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Judge Richard Leon’s Anti-NSA Ruling May Not Be All You Think It Is

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Posted on Dec 19, 2013
(AP/Francisco Seco)

By Bill Blum

I don’t want to throw a wet blanket on the celebration, but at least two cautions are warranted about federal Judge Richard Leon’s surprising opinion declaring that the NSA’s telephone metadata program likely violates the Fourth Amendment’s prohibition against unreasonable searches and seizures:

First, while Leon’s ruling is a genuinely courageous step forward, it is by no means as sweeping as reported by news outlets like MSNBC in the initial hours after the decision was released. Second, the ruling has been stayed pending appeal to the D.C. Circuit Court of Appeals, and thereafter, the Supreme Court. Leon’s opinion is merely the first step in a process that will take years to conclude, and the ultimate outcome remains highly uncertain.

To understand why both cautions should be heeded, it’s necessary to plough through all 68 pages of Leon’s dense prose, footnotes included.

There were actually two consolidated cases before Leon, both brought by tea party activist and longtime “birther” Larry Klayman, a former federal prosecutor who runs the Washington-based right-wing group Freedom Watch. Each case was filed in June, after The Guardian newspaper’s publication of a secret Foreign Intelligence Surveillance Court order, leaked by Edward Snowden, directing a Verizon subsidiary to turn over its telephone metadata to the NSA.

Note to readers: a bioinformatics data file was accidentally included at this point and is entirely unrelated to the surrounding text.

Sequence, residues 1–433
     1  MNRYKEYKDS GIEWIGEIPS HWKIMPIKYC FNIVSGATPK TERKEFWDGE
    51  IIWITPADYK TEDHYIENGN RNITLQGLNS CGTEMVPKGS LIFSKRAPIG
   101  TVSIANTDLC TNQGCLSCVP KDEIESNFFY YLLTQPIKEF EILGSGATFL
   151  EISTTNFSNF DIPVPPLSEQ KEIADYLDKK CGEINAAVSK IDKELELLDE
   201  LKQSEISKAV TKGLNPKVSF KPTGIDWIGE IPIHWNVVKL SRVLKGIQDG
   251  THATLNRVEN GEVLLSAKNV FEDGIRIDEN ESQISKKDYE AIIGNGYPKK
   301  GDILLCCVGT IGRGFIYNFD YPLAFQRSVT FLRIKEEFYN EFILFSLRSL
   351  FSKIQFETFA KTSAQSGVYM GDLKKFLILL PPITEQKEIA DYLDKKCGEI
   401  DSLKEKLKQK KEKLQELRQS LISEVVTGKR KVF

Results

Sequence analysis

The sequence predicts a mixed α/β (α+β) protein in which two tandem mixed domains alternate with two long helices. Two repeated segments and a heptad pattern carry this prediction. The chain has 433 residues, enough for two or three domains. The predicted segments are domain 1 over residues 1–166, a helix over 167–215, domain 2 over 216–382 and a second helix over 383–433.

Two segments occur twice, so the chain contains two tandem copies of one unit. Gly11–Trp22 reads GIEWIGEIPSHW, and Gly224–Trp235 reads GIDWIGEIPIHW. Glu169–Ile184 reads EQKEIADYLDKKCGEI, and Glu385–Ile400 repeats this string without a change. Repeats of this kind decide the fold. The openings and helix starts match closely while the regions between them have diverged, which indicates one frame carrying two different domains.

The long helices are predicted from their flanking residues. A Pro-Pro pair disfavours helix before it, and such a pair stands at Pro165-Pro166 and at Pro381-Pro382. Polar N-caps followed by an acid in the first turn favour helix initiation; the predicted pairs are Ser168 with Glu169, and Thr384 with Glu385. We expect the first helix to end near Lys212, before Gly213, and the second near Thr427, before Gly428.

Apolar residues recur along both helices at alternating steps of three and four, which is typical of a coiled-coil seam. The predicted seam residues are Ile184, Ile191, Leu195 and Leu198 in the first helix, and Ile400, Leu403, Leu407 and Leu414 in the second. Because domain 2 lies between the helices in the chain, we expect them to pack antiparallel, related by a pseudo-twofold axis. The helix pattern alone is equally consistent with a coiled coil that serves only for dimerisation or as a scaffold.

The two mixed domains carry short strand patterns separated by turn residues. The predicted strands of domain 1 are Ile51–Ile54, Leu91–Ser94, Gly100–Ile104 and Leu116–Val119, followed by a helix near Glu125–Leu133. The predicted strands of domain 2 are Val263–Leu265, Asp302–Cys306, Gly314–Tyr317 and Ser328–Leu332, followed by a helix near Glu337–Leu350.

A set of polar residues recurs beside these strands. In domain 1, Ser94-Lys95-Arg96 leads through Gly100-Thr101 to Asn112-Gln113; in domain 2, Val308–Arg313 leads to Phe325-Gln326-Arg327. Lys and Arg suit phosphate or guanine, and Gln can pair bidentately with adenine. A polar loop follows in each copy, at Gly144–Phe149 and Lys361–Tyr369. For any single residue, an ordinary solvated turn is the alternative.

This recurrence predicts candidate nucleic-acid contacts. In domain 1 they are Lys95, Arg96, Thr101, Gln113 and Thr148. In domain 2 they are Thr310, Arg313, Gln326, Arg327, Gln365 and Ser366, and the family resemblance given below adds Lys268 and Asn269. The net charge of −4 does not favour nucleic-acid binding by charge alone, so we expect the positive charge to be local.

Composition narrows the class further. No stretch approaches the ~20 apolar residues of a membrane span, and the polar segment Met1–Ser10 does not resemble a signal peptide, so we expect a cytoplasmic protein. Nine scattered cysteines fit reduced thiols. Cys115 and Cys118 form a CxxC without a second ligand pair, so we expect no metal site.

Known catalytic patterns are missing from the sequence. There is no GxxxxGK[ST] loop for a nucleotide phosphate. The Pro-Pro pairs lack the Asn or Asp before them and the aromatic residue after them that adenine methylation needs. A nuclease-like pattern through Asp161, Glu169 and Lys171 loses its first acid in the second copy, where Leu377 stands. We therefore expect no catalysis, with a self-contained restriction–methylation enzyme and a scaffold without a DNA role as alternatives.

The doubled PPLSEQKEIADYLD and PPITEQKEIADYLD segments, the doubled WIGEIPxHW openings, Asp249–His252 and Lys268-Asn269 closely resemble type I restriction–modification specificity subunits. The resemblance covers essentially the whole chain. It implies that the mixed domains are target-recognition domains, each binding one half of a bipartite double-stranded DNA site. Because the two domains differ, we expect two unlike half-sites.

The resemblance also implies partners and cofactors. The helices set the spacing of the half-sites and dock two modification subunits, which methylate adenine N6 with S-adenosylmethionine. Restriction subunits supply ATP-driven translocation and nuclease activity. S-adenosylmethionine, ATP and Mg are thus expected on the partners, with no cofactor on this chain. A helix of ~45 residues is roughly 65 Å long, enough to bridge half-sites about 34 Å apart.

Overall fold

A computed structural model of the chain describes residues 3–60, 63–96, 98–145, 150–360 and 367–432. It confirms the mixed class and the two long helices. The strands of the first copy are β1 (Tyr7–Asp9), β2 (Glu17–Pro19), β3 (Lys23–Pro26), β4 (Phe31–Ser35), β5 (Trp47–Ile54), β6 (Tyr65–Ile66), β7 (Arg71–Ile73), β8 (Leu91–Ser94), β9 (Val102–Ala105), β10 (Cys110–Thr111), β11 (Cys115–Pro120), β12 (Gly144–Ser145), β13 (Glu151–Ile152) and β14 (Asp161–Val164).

Each case named President Obama as a defendant, together with the NSA, the Justice Department, sundry other federal officials and Verizon. Each alleged that NSA spying violated the First, Fourth and Fifth amendments as well as various provisions of the Foreign Intelligence Surveillance Act.

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Klayman represented himself in both cases, along with four other individuals, including Charles Strange, the father of a Navy SEAL killed in Afghanistan. Klayman also sought class certification in the cases to represent “all similarly situated” U.S. citizens who have been victimized by NSA spying—in other words, nearly everyone.

For purposes of clarity—but unfortunately overlooked by the mainstream press—Leon designated the lawsuits as Klayman I and Klayman II. Distinguishing between the two cases is critical to understanding Leon’s decision.


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